Perhaps you need to seek a medical evaluation and a pro setup to be sure you are positioning yourself properly on your bike? Maybe over time this issue has caused a higher level of injury?

    Here is hoping you find some answers and better comfort while riding...and after...
    Remember when we were kids and our Mom's said we could not play in the mud? I'm making up for it now!!

  44. #44
    I'll take you there.
    Reputation:
    Join Date
    Mar 2009
    Posts
    367
    My problem is mostly solved, my fingers are still numb but only on the very tips. After I got a Specialized stem with a lot of rise, my position changed, the weight came off my hands, and I got it basically one week after my Fox Gel gloves.. and then I adjusted the Ergon GP1s like suggested, so my forearm forms a flat line towards the ground, no bends... all 3 combined to rides where my hands felt marginally numb, then recovered to their previous state within the first hour of getting off the bike (a big improvement)... I'm hoping the numbness goes away entirely eventually, but the top of my thumb (the last1 cm) has never fully recovered since day 1.. I might be out of luck.

    Taking ibuprofen and hot showers helped a lot.. I think the doc was right, it had to do with swelling. The numb thumb is messing with me though.. hard to pick up change off the desk / floor.. and I wont even think about smaller stuff like needles.
    Be excellent to each other.

  45. #45
    56-year-old teenager
    Reputation:
    Join Date
    Aug 2006
    Posts
    1,763
    I'm glad to hear you're making progress! Also try icing your wrists right after the ride.

    Ibuprofen ("Vitamin I") is OK for occasional use, but I would hesitate to use it on a regular basis without a doctor's recommendation. And even if an MD says to do it, I'd still want to wean off it ASAP. It's better to eliminate the causes of the inflammation.
    Work is the curse of the biking classes.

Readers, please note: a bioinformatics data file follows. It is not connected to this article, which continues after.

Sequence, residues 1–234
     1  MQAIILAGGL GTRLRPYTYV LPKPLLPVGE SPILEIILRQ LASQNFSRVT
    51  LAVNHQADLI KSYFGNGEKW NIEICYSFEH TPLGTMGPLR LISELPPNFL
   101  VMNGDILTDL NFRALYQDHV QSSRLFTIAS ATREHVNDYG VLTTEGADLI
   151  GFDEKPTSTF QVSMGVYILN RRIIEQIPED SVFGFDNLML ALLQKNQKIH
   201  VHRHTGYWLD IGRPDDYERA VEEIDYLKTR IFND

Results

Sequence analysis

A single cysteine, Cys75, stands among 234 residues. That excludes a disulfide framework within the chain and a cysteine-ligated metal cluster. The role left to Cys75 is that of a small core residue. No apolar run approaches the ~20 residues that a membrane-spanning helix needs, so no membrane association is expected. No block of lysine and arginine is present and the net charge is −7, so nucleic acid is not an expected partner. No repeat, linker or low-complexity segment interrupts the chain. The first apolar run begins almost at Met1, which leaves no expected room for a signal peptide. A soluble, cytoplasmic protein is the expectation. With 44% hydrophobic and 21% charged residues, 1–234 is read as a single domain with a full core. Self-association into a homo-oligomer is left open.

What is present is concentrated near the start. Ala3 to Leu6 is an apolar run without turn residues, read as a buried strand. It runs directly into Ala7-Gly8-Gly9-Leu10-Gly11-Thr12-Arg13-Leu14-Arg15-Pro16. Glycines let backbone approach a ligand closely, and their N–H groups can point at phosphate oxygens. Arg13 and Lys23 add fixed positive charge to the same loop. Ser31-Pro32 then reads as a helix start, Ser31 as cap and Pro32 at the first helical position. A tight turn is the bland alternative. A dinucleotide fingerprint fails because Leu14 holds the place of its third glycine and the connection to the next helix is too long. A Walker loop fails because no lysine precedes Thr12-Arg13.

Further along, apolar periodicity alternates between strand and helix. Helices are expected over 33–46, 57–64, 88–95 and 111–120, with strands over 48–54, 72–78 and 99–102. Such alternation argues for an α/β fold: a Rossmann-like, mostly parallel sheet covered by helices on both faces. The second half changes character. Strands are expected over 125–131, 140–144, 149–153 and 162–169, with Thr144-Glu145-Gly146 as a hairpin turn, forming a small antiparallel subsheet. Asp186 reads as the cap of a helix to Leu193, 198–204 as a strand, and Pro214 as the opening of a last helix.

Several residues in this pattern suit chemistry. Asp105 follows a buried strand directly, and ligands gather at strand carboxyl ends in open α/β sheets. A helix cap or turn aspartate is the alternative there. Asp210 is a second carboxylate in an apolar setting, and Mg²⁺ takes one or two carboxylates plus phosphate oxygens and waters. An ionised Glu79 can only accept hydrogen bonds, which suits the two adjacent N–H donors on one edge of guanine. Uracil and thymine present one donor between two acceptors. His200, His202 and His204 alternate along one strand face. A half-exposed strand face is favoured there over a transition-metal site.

46. #46
    I'll take you there.
    Reputation:
    Join Date
    Mar 2009
    Posts
    367
    Quote Originally Posted by chucko58
    I'm glad to hear you're making progress! Also try icing your wrists right after the ride.

    Ibuprofen ("Vitamin I") is OK for occasional use, but I would hesitate to use it on a regular basis without a doctor's recommendation. And even if an MD says to do it, I'd still want to wean off it ASAP. It's better to eliminate the causes of the inflammation.
    You are correct sir. I've taken "Vitamin I" far too much in my youth.. years of martial arts and late nights with intense headaches... if I take it for 3 days in a row now, I bleed internally. I think its stomach ulceration.

    I'll try the ice thing for when I cant get a hot shower.
    Be excellent to each other.

  47. #47
    56-year-old teenager
    Reputation:
    Join Date
    Aug 2006
    Posts
    1,763
    Quote Originally Posted by The Red
    I'll try the ice thing for when I cant get a hot shower.
    I'd suggest you try it before taking the hot shower. Cold reduces inflammation, and the inflammation is what pinches the nerves and arteries and makes your fingers numb.

    Alternating hot/cold soaks are sometimes recommended for computer users with RSI.
    Work is the curse of the biking classes.

  48. #48
    Slave to the grind
    Reputation: cherrybomber's Avatar
    Join Date
    Mar 2004
    Posts
    517
    Quote Originally Posted by LateBrakeU2
    Best money i ever spent on my bike was for a pro fitting-, no more numbness after that

    +1

    padded gloves alleviate the symptoms but does not address the cause
    Let it flow, let yourself go, slow and low, that is the tempo.

Posting Permissions

  • You may not post new threads
  • You may not post replies
  • You may not post attachments
  • You may not edit your posts
  •